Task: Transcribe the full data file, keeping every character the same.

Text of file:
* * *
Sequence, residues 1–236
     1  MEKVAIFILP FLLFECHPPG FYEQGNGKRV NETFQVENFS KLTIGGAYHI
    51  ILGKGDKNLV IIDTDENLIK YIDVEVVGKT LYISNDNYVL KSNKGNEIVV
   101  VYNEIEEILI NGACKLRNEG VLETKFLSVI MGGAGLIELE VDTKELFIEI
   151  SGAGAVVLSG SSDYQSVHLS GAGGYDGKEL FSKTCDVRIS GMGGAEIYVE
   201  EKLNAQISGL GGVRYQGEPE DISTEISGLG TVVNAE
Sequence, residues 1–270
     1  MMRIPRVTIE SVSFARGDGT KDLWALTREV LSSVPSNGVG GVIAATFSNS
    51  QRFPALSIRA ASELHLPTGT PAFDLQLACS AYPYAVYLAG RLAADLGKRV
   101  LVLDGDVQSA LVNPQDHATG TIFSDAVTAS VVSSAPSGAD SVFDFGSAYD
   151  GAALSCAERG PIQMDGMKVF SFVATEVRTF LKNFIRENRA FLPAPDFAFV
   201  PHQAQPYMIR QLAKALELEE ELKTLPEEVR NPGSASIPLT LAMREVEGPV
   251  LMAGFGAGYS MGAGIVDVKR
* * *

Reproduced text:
Sequence, residues 1–236
     1  MEKVAIFILP FLLFECHPPG FYEQGNGKRV NETFQVENFS KLTIGGAYHI
    51  ILGKGDKNLV IIDTDENLIK YIDVEVVGKT LYISNDNYVL KSNKGNEIVV
   101  VYNEIEEILI NGACKLRNEG VLETKFLSVI MGGAGLIELE VDTKELFIEI
   151  SGAGAVVLSG SSDYQSVHLS GAGGYDGKEL FSKTCDVRIS GMGGAEIYVE
   201  EKLNAQISGL GGVRYQGEPE DISTEISGLG TVVNAE
Sequence, residues 1–270
     1  MMRIPRVTIE SVSFARGDGT KDLWALTREV LSSVPSNGVG GVIAATFSNS
    51  QRFPALSIRA ASELHLPTGT PAFDLQLACS AYPYAVYLAG RLAADLGKRV
   101  LVLDGDVQSA LVNPQDHATG TIFSDAVTAS VVSSAPSGAD SVFDFGSAYD
   151  GAALSCAERG PIQMDGMKVF SFVATEVRTF LKNFIRENRA FLPAPDFAFV
   201  PHQAQPYMIR QLAKALELEE ELKTLPEEVR NPGSASIPLT LAMREVEGPV
   251  LMAGFGAGYS MGAGIVDVKR